Computer-Aided Facilities Management (CAFM)
Last updated: 09-04-2015
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What is CAFM?
CAFM software provides the facility manager with the administrative tools and the ability to track, manage, report, and plan facilities operations. This function is associated more as an administrative function and not a technical activity. For example, CAFM systems can contain data that identifies departments and staff, identifies and tracks who has space access rights and security level, as well as leased space information including leasing, income, and tenant charge-back information.
Not to confuse a Computerized Maintenance Management System (CMMS) with a CAFM system, consider a patient room in a hospital. Ensuring that the Nurse Call System in the room is "properly inspected, maintained, and repaired" is a CMMS activity. "Knowledge" about the medical department staff, and the specific patient(s) in the room, the room's contents (phones, TVs, beds–including their movement from room-to-room), and equipment connections (electrical, oxygen, communications, etc.) relate to CAFM activities. CMMS and CAFM systems have begun to continue to merge into Integrated Work Order Management Systems (IWOMS).
Computer-Aided Facilities Management (CAFM) includes the creation and utilization of Information Technology (IT)-based systems in the built environment. A typical CAFM system is defined as a combination of Computer-Aided Design (CAD) and/or relational database software with specific abilities for Facilities Management (FM).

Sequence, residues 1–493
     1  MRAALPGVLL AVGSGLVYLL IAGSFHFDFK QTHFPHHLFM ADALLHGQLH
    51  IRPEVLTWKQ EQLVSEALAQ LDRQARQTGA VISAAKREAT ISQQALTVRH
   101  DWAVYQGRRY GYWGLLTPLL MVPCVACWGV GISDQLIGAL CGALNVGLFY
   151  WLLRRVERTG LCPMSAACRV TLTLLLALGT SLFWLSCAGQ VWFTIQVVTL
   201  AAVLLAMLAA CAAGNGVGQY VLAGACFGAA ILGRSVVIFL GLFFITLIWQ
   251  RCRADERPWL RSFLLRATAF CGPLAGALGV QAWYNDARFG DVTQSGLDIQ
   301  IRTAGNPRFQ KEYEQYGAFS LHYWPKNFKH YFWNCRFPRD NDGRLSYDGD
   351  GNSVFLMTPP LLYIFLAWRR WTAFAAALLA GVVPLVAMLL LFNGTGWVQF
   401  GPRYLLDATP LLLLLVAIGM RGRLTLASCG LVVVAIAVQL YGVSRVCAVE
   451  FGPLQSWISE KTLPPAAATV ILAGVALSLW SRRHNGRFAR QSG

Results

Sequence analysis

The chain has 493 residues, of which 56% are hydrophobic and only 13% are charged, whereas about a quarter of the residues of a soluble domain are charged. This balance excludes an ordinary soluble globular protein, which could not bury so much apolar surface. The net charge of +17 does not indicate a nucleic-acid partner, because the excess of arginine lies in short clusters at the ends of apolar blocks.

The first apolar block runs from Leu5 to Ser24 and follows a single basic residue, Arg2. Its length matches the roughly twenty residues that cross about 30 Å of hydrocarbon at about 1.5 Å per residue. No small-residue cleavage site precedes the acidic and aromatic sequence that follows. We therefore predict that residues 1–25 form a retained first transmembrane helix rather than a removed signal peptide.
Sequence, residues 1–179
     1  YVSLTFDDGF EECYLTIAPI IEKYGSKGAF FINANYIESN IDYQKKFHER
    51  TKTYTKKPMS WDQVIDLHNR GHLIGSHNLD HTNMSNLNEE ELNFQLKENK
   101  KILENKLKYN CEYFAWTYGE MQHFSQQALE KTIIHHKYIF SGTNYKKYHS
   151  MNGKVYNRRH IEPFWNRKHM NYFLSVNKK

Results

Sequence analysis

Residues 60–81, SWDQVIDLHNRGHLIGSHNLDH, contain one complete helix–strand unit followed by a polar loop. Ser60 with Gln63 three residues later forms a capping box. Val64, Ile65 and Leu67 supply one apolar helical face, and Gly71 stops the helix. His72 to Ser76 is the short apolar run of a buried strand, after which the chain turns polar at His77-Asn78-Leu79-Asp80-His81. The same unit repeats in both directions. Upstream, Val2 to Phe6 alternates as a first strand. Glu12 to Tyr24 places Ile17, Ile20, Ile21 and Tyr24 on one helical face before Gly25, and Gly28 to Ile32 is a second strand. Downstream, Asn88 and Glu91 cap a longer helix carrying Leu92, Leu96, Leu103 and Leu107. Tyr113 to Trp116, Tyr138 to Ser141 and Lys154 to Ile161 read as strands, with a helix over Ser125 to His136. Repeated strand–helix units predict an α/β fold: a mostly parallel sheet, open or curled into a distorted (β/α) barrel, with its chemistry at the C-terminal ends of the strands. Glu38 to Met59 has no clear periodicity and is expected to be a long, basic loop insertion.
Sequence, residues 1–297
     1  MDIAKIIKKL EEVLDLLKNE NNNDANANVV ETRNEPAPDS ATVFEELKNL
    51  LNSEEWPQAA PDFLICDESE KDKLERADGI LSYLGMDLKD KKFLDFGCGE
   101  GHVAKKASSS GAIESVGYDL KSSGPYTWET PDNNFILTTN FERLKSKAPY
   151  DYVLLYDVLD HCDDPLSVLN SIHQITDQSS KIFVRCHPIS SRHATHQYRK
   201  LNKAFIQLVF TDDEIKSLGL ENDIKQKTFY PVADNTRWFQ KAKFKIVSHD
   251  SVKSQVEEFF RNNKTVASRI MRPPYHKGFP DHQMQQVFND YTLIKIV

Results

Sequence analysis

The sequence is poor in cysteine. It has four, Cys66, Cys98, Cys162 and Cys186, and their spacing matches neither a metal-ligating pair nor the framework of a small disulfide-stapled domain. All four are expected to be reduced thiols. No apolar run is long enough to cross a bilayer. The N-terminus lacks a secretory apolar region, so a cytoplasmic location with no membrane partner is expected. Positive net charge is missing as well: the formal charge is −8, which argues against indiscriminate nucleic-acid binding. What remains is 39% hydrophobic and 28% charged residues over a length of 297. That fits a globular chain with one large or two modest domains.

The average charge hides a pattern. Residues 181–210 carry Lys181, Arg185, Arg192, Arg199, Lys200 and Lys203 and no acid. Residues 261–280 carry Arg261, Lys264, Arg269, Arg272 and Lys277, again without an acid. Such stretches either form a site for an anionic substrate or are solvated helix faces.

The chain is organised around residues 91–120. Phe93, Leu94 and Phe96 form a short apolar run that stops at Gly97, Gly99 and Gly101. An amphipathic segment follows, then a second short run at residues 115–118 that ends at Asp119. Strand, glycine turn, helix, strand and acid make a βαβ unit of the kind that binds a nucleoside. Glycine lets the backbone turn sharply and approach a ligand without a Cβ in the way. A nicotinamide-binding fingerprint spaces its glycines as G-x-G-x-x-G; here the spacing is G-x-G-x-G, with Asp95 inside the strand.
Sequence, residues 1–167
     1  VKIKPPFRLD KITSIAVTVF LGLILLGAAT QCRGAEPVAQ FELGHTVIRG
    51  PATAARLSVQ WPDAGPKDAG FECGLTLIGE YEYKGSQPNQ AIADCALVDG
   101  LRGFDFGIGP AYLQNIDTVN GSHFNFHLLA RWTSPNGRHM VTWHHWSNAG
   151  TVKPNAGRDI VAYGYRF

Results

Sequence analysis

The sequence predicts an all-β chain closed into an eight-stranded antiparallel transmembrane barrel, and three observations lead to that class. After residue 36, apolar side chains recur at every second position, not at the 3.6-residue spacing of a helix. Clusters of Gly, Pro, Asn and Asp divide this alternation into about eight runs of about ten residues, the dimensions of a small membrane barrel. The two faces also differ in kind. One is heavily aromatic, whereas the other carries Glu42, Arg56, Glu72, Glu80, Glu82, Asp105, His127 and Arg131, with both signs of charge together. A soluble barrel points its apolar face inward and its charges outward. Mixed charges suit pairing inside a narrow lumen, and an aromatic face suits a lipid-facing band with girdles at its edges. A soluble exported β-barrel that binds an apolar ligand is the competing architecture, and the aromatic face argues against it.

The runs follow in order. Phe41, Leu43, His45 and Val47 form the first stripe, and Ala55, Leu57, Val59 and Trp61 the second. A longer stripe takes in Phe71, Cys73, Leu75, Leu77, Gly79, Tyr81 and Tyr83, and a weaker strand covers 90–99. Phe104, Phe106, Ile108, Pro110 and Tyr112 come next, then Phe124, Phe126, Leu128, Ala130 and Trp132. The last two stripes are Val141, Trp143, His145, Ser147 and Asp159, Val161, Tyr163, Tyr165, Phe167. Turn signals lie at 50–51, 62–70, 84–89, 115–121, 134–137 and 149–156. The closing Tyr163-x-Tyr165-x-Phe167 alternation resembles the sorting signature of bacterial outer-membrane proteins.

The purpose of a CAFM system includes:
- Helping the facility manager ensure the organization's assets are fully utilized at the lowest possible cost, while providing benefit to every phase of a building's lifecycle, and
- Supporting operational and strategic facility management, i.e. all of the activities associated with administrative, technical, and infrastructural FM tasks when the facility or building is operational, as well as the strategic processes for facilities planning and management¹.
CAFM systems consist of a variety of technologies and information sources that may include object-oriented database systems, CAD systems, Building Information Models (BIM), and interfaces to other systems such as a Computerized Maintenance Management System (CMMS). Today most CAFM systems are web-based and provide a host of features including facilities related scheduling and analysis capabilities. Data may be collected from a variety of sources through technology interfaces or human transfer processes. Data may be stored, retrieved, and analyzed from a single data-store.
CAFM evolved in the late 1980's leveraging the personal computer (PC) to automate the collection and maintenance of FM information. Widespread usage of Information Technology (IT) systems in almost all disciplines eventually penetrated the construction and FM industry as well. After the development of Internet-based database systems, usage of high-end tools in FM practices increased in that sector. CAFM systems provided the facility manager with the tools to track, plan, manage, and report on facilities information.
CAFM systems combine and analyze complex data to improve FM practices throughout a variety of industries including government, healthcare, educational, commercial, and industrial environments. The CAFM system gives decision makers the ability to automate many of the data-intensive facility management functions and typically results in continuous cost savings and improved utilization of assets through-out their entire lifecycle.